Kristin Boese: MIGK 2012 Finalist

Kristin Boese Profile

Kristin Boese is one of the top 10 Finalists in the “Most Influential Girl Kitesurfer 2012” competition!

Do you think Kristin should be crowned the most influential or most inspirational girl in kitesurfing this year? Read all about her in the interview below.

Interview with Kristin Boese

Where are you from?

I was born in Potsdam in former East Germany. My family still lives there and I travel to and from there when I’m in Europe, but now I feel a lot more like a world citizen even if this may sound a little cliché… I just never really get to spend more than a few weeks in one place.

Do you have any sponsors? Who are they?

I’ve been riding for Best Kiteboarding for 7 years now and I feel like I have really become part of the brand and vice versa. Without the support of Best Kiteboarding, I would not be able to do what I have been doing… whether it’s KB4girls, the KSP World Tour or the Olympic Campaign, they are by my side and support everything I do. In addition to Best, I’ve been riding for DaKine for 4 years, and the DaKine team has also been an important partner along the way.

Kristin Boese Kitesurfing

Kristin Boese | Photo by Tracy Craft

How did you learn to kitesurf, who taught you and when did you start?

The first time I tried to fly a kite was in late 2001 and I then went to Fuerteventura in the beginning of 2002 to work at the Pro Center Rene Egli, and started kiting with the center gear in my lunch breaks… being a student and not having any money, this was the only way I could afford to get into the sport. Somehow there were always some great people around that I could ask for some tips, although I never had a propper kite lesson. I still really appreciate the advice from everyone who helped and motivated me along the way, amongst them Dirk Effler, Sven Anton, Jost Backhaus, Henning Nockel, Mark Ramseier, Sky Solbach, Davey Blair, Cindy Mosey, Ingrid Koellbichler, Petra Goeschl.

What is your proudest achievement?

Kristin Boese Guinness World RecordThis has changed quite a bit over the years. At first my proudest achievement was winning my first World Championship title in 2005, then it was winning the Guinnes World Record for holding the most World Championship titles won in 2009. However, lately the achievements that I’ve made personally have become less important. Now it makes me more proud if we manage to raise funds for women and children in need in one of our KB4girls events, or if we manage to pull off a great KSP event, as I know that these things are important not only to me, but we can support other people through them as well.

Video: KB4girls GLOBAL EL Gouna 2012

What are you doing for Kitesurfing?

That is a question that is hard to answer, as this is impossible to measure, however, I’m simply trying to help the sport to move forward in whatever way I can, no matter if it’s through the KB4girls foundation, the KSP, the Olympic Campaign or anything else. However, I feel incredibly fortunate to have been able to work with some truly amazing people in each of these projects, and it is great to see such a passionate group of people really achieve so many positive things for our sport in only a few years. I really appreciate the guys from the International Kiteboarding Association (IKA) (who I’m just sitting in the ISAF conference with right now), all the KB4girls ambassadors and board members and the incredibly determined KSP crew and their supporters – without each and every single one of them, the sport would not be moving forward in the same way it has been.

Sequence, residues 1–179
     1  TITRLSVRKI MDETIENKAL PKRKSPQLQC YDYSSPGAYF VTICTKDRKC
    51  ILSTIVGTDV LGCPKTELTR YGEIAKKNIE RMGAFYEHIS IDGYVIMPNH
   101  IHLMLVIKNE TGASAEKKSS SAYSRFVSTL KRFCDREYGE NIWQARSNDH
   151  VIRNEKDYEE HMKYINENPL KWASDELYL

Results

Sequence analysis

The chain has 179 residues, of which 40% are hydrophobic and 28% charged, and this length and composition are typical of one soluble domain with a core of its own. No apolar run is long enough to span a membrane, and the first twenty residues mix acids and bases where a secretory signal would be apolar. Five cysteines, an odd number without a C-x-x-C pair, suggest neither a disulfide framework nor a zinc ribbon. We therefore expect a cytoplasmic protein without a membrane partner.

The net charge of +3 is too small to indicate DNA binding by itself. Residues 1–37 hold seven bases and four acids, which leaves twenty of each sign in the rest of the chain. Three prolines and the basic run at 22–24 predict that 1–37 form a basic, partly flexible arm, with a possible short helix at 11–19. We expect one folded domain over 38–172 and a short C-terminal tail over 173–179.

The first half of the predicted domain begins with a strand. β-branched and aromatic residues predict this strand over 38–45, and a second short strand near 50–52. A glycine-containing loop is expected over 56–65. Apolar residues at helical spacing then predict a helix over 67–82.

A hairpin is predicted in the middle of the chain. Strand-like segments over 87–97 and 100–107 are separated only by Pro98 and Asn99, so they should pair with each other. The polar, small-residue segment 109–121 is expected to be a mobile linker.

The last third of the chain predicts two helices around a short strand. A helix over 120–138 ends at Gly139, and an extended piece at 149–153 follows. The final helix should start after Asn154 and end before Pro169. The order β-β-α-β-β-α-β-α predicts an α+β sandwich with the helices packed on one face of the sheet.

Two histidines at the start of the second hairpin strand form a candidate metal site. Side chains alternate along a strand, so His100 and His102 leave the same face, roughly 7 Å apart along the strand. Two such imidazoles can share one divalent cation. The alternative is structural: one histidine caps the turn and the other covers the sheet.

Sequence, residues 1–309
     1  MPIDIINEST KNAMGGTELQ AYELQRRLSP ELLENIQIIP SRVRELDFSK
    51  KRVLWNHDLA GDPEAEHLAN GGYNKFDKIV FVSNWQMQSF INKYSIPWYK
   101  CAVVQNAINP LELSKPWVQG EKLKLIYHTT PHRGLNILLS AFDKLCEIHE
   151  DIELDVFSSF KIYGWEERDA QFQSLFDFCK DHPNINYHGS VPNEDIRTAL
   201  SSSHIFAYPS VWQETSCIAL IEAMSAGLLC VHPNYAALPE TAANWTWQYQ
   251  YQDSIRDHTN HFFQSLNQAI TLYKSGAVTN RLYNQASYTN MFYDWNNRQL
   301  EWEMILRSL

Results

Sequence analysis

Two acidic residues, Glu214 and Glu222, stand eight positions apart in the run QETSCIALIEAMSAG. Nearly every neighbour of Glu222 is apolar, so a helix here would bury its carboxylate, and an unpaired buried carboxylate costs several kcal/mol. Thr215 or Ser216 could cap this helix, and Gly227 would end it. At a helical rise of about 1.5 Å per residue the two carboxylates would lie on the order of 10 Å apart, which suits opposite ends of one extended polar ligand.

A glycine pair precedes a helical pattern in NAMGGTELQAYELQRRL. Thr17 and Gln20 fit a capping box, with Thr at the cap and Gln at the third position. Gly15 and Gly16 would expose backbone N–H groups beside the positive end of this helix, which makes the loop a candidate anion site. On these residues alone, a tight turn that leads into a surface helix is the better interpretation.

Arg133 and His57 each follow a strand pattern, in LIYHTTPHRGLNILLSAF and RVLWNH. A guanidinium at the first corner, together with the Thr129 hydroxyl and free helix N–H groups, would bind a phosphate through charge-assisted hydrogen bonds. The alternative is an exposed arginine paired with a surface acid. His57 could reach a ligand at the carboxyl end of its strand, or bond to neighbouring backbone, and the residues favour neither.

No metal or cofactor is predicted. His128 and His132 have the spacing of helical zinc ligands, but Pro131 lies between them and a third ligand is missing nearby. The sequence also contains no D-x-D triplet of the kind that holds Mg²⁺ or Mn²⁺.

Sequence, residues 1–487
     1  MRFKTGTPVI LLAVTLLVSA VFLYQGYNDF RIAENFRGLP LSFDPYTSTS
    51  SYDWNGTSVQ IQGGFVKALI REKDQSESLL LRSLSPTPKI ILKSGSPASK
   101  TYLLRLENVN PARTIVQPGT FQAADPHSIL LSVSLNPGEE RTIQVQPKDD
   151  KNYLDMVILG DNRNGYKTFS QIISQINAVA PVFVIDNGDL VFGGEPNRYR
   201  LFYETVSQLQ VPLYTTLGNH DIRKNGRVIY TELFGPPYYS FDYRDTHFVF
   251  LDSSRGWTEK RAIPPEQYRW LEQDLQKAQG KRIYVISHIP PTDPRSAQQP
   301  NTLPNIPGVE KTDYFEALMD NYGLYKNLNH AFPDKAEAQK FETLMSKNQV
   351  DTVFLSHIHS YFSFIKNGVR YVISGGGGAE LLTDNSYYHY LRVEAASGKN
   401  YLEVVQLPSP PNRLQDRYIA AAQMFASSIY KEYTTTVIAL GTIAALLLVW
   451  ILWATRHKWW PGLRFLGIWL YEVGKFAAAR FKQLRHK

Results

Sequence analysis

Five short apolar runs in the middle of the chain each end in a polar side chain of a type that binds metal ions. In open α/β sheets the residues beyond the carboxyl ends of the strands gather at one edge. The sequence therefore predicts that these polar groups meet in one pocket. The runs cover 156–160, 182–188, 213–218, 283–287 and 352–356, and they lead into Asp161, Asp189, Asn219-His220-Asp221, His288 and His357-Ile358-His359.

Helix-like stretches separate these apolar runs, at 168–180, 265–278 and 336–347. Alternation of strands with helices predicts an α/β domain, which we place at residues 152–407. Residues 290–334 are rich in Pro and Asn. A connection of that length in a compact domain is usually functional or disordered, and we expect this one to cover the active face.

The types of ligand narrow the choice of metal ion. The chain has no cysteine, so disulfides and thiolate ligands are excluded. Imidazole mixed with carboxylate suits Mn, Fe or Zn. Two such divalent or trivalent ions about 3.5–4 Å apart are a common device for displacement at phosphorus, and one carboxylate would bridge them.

Video: Aer Lingus Kitesurf Pro – Day 10 WrapUp!

What do you think the future holds for kiteboarding / Kitesurfing and what can we do to improve our sport?

Kristin Boese Kitesurfing

Kristin Boese | Photo by Gavin Buttler

In my opinion the sport will have a great future if everyone works together… it has the opportunity to develop further into the 3 main disciplines – feestyle, wave and race – with different target groups for each of them that allow for healthy growth. However, I think it would be important that more people (volunteers) and brands (other than the 3 or 4 that already do) actually support the idea of moving the sport forward, and not only themselves. At this point unfortunately, vested interests often stand in the way. I hope people will understand that listening and trying to understand the entire situation, and maybe even showing a bit more support, will bring a lot more positive change than simply complaining about their small problems.

How will the fact that kitesurfing is now an Olympic sport affect you personally, and what effect do you think this will have on the sport?

Well, let’s wait and see what happens on Saturday, and if Kiteboarding will actually still be an Olympic sport by then…

Video: Kiteboarding’s Healthy Rivalry

Update: Unfortunately we could not save Kiteboarding for Rio 2016 in the end… the Campaign will now go on and target the 2020 Olympic Games…

PS: If you like Kristin Boese’s story, help spread the word by clicking the share icons below.

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